We’ve heard a lot about Google Authorship this year, but there are still plenty of serious questions floating around. When I wrote about Authorship back in February, most of our “information” on Authorship was simply speculation. In order to answer some of the most pressing questions, Google recently posted an FAQ page on the subject of Authorship. This page serves to confirm once again that Authorship is here to stay and it can’t be ignored.
Is It Really So Important?
Okay, so this isn’t one of Google’s FAQs, but it is one of the questions most frequently asked in the SEO industry. The primary goal of Authorship is to allow an author to gain authority based on his or her body of work. Since Google has been pretty focused on authority and quality the last few months, it’s definitely safe to say yes, it really is so important. If you’re an engaging, relevant author, Authorship can only serve to help you gain more visibility in the SERPs.
Can I Prevent Authorship From Being Shown?
Based on the answer to the above question, it’s hard to imagine why you would want to hide Authorship. However, Google clarifies that it is possible. The easiest way to prevent Authorship from being shown in the SERPs is to make your Google+ profile not discoverable in search results.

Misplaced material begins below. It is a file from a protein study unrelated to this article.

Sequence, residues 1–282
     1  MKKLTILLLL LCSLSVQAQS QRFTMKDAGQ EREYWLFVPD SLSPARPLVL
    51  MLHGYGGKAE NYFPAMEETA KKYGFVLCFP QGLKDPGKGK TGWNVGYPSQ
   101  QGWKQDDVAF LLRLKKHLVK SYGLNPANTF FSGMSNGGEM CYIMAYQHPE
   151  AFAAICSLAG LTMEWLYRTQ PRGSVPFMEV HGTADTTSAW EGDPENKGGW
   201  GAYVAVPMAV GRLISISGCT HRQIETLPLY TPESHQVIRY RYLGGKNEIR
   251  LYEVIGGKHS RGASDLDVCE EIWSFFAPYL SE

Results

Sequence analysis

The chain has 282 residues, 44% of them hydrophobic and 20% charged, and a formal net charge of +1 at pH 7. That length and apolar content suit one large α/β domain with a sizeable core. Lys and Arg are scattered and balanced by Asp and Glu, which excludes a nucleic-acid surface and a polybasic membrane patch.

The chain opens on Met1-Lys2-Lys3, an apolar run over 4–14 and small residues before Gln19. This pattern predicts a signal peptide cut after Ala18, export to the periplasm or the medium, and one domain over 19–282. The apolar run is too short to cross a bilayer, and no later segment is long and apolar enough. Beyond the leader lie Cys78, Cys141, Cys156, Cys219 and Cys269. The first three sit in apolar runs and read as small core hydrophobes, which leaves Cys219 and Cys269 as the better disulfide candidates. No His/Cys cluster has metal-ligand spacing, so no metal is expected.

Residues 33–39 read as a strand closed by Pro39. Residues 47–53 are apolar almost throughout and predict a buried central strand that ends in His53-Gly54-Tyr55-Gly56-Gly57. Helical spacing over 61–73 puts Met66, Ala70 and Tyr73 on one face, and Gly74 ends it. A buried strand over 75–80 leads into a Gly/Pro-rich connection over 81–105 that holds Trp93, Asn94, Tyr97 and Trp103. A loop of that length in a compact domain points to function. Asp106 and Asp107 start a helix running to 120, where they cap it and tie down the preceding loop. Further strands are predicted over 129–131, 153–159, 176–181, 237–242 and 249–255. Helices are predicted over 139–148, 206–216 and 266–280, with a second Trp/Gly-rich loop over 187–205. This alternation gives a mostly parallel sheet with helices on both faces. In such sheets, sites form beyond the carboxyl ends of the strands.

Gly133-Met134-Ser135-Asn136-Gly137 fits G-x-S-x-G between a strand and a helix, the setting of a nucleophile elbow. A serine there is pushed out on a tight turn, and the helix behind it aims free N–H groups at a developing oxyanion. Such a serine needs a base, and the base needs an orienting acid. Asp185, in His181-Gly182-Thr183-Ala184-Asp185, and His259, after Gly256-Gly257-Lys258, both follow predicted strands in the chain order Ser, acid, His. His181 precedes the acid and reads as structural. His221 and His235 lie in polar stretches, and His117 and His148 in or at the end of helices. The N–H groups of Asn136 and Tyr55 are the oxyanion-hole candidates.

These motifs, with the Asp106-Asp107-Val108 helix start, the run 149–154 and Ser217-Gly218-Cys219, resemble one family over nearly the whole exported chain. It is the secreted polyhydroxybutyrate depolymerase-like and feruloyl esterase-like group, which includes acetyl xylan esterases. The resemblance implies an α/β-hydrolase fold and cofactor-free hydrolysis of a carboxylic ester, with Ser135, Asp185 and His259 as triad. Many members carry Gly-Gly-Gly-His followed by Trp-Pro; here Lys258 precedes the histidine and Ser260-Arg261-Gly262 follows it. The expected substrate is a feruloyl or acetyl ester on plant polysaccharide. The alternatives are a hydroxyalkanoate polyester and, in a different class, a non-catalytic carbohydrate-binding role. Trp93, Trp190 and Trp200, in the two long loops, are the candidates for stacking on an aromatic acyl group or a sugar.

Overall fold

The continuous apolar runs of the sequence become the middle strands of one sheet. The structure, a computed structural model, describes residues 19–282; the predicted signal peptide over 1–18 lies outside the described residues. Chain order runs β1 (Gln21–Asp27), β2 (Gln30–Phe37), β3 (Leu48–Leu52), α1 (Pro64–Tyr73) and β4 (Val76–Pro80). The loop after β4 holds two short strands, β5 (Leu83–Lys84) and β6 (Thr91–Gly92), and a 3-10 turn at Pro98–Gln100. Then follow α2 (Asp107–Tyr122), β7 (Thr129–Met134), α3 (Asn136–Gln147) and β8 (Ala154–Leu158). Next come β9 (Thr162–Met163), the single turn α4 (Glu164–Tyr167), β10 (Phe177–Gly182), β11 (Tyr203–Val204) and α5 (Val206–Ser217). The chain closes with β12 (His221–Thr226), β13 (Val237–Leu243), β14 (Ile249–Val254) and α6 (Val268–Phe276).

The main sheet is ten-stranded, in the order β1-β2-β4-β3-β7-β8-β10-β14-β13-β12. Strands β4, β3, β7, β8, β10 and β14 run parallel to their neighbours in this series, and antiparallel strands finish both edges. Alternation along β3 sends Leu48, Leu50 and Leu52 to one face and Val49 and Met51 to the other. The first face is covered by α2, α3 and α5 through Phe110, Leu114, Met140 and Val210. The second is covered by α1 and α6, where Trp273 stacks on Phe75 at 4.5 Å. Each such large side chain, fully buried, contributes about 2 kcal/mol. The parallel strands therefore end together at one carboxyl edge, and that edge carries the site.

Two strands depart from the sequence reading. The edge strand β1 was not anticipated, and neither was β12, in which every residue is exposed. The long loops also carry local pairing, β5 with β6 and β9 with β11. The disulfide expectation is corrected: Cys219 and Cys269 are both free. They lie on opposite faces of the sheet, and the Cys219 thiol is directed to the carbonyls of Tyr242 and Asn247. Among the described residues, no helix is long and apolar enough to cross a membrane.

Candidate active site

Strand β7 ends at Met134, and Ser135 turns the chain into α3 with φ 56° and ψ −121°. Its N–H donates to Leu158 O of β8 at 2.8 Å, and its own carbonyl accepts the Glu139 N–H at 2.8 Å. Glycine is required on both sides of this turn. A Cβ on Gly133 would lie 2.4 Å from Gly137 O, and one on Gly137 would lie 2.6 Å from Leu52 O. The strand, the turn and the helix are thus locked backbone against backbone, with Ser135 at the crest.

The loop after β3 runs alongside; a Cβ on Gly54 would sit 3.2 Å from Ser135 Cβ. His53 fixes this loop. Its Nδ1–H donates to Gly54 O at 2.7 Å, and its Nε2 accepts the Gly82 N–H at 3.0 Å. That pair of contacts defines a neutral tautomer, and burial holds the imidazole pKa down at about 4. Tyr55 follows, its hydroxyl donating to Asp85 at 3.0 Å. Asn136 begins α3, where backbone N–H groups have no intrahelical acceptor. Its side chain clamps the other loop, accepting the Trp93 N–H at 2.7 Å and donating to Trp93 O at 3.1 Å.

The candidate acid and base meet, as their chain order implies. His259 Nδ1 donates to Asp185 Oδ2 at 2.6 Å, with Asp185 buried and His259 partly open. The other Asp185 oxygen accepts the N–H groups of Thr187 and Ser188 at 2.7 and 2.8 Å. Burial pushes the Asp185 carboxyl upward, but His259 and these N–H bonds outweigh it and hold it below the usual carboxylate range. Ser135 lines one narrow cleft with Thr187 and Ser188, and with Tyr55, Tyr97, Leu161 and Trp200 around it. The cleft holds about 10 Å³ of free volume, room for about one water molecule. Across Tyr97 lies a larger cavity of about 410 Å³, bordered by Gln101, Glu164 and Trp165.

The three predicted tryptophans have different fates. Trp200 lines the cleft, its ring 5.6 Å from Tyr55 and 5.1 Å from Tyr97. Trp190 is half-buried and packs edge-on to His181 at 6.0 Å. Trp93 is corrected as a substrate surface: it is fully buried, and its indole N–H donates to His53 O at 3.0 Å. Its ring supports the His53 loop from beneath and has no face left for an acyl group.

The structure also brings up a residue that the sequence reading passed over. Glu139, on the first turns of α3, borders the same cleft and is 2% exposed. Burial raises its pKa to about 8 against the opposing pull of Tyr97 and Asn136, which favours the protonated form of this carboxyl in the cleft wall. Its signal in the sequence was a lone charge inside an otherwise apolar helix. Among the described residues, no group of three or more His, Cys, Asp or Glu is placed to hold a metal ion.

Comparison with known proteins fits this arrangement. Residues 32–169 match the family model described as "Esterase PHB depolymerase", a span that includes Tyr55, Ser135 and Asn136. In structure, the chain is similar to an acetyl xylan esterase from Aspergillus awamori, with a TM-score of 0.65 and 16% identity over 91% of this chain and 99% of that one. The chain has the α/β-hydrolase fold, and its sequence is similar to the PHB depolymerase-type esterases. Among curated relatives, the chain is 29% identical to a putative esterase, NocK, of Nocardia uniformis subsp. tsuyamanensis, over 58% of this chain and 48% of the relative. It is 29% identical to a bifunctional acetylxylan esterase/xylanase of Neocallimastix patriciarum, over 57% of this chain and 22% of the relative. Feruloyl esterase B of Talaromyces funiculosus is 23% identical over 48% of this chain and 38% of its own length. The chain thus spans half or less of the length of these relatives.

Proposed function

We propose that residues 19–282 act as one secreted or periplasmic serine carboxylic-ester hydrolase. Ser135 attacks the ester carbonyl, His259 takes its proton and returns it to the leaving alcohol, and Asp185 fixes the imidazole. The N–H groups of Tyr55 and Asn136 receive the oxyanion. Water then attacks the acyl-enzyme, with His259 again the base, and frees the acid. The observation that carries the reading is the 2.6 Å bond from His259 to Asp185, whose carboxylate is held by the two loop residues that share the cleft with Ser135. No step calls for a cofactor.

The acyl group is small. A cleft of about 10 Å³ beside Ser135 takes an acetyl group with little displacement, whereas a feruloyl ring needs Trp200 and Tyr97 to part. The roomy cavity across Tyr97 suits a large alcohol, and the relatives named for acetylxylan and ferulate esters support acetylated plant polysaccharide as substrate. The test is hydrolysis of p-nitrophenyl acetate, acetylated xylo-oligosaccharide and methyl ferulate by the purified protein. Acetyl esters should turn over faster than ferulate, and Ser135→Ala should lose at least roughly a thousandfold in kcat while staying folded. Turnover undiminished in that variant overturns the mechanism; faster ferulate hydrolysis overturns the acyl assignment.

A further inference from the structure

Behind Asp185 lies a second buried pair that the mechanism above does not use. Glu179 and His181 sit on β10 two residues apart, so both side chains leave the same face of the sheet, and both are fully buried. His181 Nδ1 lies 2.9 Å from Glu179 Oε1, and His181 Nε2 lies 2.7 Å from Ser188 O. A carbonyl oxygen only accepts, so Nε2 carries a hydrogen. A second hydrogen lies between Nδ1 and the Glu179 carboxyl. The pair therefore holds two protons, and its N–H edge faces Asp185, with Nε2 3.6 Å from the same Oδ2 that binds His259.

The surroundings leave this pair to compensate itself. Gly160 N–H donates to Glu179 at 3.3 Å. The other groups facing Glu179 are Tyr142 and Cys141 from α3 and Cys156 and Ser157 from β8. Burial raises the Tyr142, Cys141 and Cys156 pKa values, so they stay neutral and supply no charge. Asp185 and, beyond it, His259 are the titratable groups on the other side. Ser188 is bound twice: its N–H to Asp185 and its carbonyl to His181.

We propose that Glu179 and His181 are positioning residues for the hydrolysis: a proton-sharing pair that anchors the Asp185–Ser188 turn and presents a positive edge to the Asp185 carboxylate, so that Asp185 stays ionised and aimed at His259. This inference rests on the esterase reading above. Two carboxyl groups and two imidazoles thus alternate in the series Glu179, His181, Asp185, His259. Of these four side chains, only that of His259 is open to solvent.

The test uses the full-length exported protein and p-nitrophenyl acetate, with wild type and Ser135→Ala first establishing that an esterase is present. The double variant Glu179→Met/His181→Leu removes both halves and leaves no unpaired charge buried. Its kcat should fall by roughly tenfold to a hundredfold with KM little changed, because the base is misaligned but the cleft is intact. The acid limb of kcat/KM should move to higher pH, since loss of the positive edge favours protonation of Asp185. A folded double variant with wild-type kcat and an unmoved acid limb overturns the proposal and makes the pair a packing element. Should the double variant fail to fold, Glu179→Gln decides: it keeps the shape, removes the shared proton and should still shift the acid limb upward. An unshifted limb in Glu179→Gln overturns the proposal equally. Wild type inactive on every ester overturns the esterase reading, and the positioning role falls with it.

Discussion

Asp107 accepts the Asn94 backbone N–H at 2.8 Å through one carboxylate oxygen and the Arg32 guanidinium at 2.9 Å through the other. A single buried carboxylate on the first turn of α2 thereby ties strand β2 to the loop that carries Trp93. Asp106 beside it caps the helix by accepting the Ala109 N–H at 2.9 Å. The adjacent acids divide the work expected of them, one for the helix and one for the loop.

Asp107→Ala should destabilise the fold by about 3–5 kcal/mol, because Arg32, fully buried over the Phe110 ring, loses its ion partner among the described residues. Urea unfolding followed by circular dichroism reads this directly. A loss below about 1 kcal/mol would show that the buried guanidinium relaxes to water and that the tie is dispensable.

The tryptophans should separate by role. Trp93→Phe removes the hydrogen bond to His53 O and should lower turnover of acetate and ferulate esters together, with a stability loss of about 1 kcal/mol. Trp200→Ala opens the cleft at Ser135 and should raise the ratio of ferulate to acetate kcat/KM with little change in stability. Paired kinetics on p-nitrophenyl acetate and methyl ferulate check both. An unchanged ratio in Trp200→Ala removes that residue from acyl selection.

What Kind of Pages Should Show Authorship?
This question has been tossed about as SEOs worried about whether or not to attribute Authorship to their standard landing pages or product descriptions. Google’s response to this query? Authorship should only be linked to a page that is clearly one cohesive piece of content by one author who has a byline display somewhere on the page. Essentially, that means that Authorship is only for blogs and articles.
What If I Write in Different Languages?
For multi-lingual writers, Authorship presents a unique problem. Google recommends sticking to one Google+ profile instead of creating an account for each language. Create your Google+ profile in the language in which you primarily write, but consider including some information in your secondary language somewhere on your profile.
Can More Than One Author Be Credited With Authorship for One Article?
Unfortunately, the answer to that question is still a no. If you collaborate on an article with one or more other authors, only one of you can claim Authorship. However, Google does report that they are working on a solution to this issue.
What still puzzles you about Google Authorship? Did Google answer any of your questions on the new FAQ page?
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